“Anxiety is the handmaiden of creativity," wrote T.S. Eliot. To help make productive use of our self-isolation and social distancing, Lit Cleveland is offering free writing challenges each week via our newsletter. The following piece is a response to the "How To" prompt.
How to Stay in Shape During the Pandemic
by Steven Pryce
Factory work isn’t my first job. I am almost fifty-years old now, and tried different things. To keep my job, I must stay in shape. The pandemic is giving me a test.
At work, I hang out mostly with other fifty- and sixty- year-olds who also had other jobs. One was a police officer, the other a teacher, while others always did labor work. Some of us exercise outside of work and often wear support braces. Sometimes, we take Tylenol or aspirin for pain. “It’s the kind of job where you are going to leave with some pain every day,” our trainer told me. She was in her fifties and still brought baked goods to work.
Many young people don’t like labor work. Jobs are competitive, and they usually find something else. They come in as “temps,” or temporary employees, and leave or are let go before they could get hired. Maybe they are just not ready for it.
“I didn’t think this would be like this,” they exclaim.
I received a temporary lay-off during the pandemic, and had to immediately apply for unemployment. Luckily, benefits would start right away, helping with rent and bills. However, I wanted to be able to come back ready to work again. Gyms, like bars, were closed due to the pandemic.
I work on the third shift, or “midnights.” My sleep schedule is reversed, and hasn’t changed. I now stay up all night reading, writing, texting, and connecting with other people on Facebook, rather than assembling and packaging auto parts.
Early in the morning, before sunrise, I start my work-out routine. I have a barbell and dumbbell weight set and stretch before, in the middle, and after I lift weights. I don’t do extreme stretching, as a yoga person would do, but I try. I also don’t lift as heavy of weights as a weightlifter, but again I try. As I get older, I read that you must keep your repetitions high.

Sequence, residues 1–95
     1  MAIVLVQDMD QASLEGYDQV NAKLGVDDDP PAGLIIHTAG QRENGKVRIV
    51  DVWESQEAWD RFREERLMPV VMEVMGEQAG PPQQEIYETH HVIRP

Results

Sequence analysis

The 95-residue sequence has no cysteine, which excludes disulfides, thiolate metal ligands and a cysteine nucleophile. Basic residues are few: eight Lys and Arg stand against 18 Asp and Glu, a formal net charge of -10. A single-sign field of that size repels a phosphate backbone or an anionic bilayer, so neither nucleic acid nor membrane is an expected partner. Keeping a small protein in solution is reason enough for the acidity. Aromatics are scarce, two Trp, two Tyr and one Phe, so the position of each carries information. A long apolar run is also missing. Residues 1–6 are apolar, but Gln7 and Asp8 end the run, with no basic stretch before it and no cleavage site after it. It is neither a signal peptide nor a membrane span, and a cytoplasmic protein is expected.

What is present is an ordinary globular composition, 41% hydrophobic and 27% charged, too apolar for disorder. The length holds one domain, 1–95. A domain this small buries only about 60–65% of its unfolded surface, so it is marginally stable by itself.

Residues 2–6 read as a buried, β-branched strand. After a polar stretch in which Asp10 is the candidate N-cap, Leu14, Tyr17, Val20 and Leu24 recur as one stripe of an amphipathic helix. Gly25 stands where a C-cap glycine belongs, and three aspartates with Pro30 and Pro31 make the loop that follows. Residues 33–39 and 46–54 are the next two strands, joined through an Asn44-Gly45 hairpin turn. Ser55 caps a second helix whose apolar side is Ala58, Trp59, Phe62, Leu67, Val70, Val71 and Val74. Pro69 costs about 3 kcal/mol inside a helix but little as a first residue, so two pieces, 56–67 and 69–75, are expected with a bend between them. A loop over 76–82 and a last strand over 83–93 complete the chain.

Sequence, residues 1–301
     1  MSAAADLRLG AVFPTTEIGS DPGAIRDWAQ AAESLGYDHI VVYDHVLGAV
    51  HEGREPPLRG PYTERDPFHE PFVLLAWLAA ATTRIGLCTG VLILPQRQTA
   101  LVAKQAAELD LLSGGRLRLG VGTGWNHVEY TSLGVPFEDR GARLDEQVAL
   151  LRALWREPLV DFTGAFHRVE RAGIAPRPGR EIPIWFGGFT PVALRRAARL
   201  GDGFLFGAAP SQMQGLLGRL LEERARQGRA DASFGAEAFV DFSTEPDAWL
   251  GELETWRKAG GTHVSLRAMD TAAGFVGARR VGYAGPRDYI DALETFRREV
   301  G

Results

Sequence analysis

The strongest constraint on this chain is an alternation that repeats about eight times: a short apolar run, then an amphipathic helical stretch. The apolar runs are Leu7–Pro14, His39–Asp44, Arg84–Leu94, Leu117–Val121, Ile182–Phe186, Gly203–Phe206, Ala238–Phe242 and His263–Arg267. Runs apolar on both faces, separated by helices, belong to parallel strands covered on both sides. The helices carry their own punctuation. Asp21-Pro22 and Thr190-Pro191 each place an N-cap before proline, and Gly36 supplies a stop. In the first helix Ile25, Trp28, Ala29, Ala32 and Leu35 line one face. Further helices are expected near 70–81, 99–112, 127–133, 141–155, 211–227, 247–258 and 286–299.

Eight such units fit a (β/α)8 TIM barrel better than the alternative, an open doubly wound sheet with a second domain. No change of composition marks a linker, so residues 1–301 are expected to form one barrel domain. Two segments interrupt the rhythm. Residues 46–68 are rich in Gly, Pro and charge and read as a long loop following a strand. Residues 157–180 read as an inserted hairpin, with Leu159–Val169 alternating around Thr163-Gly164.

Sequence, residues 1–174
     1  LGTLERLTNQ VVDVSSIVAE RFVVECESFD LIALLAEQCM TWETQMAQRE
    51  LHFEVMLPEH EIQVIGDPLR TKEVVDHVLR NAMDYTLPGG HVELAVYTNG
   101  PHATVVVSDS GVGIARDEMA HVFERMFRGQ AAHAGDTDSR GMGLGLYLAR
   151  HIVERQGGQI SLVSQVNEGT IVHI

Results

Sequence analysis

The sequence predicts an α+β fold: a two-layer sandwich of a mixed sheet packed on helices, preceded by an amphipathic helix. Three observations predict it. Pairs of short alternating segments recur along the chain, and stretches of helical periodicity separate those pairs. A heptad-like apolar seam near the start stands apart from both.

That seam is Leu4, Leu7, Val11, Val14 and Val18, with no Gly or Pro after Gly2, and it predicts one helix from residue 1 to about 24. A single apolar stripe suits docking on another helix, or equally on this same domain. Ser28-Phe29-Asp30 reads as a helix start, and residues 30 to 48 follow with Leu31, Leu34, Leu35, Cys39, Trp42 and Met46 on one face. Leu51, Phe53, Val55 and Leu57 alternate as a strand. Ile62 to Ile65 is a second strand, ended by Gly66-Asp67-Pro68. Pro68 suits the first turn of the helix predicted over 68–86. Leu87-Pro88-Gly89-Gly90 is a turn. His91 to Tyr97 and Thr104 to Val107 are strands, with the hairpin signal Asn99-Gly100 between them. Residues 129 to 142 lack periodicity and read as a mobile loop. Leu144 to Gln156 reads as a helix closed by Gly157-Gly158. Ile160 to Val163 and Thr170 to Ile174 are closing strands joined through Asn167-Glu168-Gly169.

I do all the regular stretches to get my hamstrings, thighs and calves loose. I also do bodyweight exercises to get my muscles warmed up and working. Then, my weight routine starts. I do strength exercises such as squats, dead lifts, and bench presses with low weights and high repetitions. They are called “compound” exercises and workmany muscles at one time. I do my stretches again. Then, I do my assistance exercises with dumbbells. These include rows, shoulder presses, raises, curls, extensions, etc. I finish with abdominal crunches for my midsection and do one last stretch.
As the sun begins to rise, I put on an old pair of jeans, a flannel and sweatshirt, as well as a jacket, gloves and watch cap. Out of nowhere, it snowed: a light coat of white that would melt by noon. It is important to stay warm when so many are getting sick and it is so contagious. I take a two-hour walk through the neighborhoods and stores of our small city. The roads are almost empty, though I see others doing the same. Some are even running.
“Good morning,” they say, as they pass. They keep their six-foot distance.
My lay-off should be over in three weeks, though subject to change. Deaths are rising, but lower than projected. Pre-cautions and protections are necessary to hopefully end the coronavirus or prevent it from getting worse. At my age, it is getting risky.
Back at my apartment, I sleep during the day and hope it will all be over soon.